And just like that, we were home.  The Quakers began filing in – all walks of life, young, older, teenagers, some children, but all with the joy and friendliness we have come to appreciate and foster in ourselves.  It seems we haven’t left our tight knit community after all.  Rather we’ve opened the door to a world wide community that will follow us wherever we go.  We are eternally grateful to Jack and Wendy, the little bookstore, and the Big Stone Friends for that opportunity. confusion


Filed under Big Stone Gap, humor, Life reflections, shopsitting, small town USA, Uncategorized

The Monday Book: SAFFRON CROSS by J. Dana Trent

saffron corssDana and I made Twitter-friends (is that a noun?) a couple of weeks before the Movable Feast of Authors run by Bookmarks, a very active lit-lovers group in North Carolina. The Feast entailed twenty tables of eight people, with authors moving in ten-minute intervals between them–a wild ride covered with online publicity, so Dana and I were in a lot of tweets together. One day I clicked on her icon and found her book was about being an ordained Baptist minister married to a Hindu who used to be a monk.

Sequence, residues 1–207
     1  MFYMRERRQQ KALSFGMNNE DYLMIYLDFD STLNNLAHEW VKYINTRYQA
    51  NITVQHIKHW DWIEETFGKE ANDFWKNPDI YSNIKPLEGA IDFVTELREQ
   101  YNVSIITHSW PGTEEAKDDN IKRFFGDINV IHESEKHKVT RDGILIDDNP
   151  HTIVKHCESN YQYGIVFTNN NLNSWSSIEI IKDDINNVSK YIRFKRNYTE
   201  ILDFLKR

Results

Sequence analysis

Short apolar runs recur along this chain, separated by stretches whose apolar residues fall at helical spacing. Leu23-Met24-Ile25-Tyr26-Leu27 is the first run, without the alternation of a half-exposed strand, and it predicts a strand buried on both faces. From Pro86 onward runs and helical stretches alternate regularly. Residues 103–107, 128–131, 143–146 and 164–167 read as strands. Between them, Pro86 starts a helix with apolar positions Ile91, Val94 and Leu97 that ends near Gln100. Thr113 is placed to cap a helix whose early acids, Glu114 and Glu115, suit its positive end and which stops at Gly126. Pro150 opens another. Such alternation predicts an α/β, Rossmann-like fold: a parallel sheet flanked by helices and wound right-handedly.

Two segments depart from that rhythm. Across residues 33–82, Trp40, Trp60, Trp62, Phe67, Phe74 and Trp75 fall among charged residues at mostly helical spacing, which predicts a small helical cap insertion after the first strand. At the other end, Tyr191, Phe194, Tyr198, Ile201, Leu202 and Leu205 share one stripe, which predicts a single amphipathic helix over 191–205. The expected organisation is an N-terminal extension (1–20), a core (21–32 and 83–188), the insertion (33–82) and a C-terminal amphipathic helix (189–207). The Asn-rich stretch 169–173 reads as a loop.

Well, that sounded intriguing….

Dana and I got a chance to chat after the event, and we traded books. (Don’t tell our publishers, ‘kay? Thanks.) She and Fred had gone on bookstore dates, and I’m fascinated by interfaith connections, so it seemed pretty natural.

More natural than the eHarmony match Dana and Fred made. Her book is less about external pressures put on them by others than personal expectations and changes. That’s what I liked most about her writing. Dana left a lot of space for others to interpret or extrapolate, by holding her narrative to “This is what happened to us; this is what I learned; this is how I understand the contentious points.” Saffron Cross is an honest description of a wife reconciling her full-on belief in Jesus with her husband’s full-on devotion to Krishna.